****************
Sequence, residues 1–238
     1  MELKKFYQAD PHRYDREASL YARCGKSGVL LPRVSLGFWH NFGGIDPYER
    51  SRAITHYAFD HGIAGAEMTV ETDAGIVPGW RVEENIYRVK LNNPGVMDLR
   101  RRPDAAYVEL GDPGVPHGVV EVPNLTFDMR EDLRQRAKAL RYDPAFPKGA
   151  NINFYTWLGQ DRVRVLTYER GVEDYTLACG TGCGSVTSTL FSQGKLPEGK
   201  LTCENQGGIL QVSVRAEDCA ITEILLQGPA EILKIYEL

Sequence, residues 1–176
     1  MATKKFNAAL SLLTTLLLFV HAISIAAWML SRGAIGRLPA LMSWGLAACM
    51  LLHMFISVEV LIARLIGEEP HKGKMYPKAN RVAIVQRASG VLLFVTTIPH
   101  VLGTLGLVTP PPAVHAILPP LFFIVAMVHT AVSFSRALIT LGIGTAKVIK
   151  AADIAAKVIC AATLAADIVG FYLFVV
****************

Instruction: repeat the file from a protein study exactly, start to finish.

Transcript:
Sequence, residues 1–238
     1  MELKKFYQAD PHRYDREASL YARCGKSGVL LPRVSLGFWH NFGGIDPYER
    51  SRAITHYAFD HGIAGAEMTV ETDAGIVPGW RVEENIYRVK LNNPGVMDLR
   101  RRPDAAYVEL GDPGVPHGVV EVPNLTFDMR EDLRQRAKAL RYDPAFPKGA
   151  NINFYTWLGQ DRVRVLTYER GVEDYTLACG TGCGSVTSTL FSQGKLPEGK
   201  LTCENQGGIL QVSVRAEDCA ITEILLQGPA EILKIYEL

Sequence, residues 1–176
     1  MATKKFNAAL SLLTTLLLFV HAISIAAWML SRGAIGRLPA LMSWGLAACM
    51  LLHMFISVEV LIARLIGEEP HKGKMYPKAN RVAIVQRASG VLLFVTTIPH
   101  VLGTLGLVTP PPAVHAILPP LFFIVAMVHT AVSFSRALIT LGIGTAKVIK
   151  AADIAAKVIC AATLAADIVG FYLFVV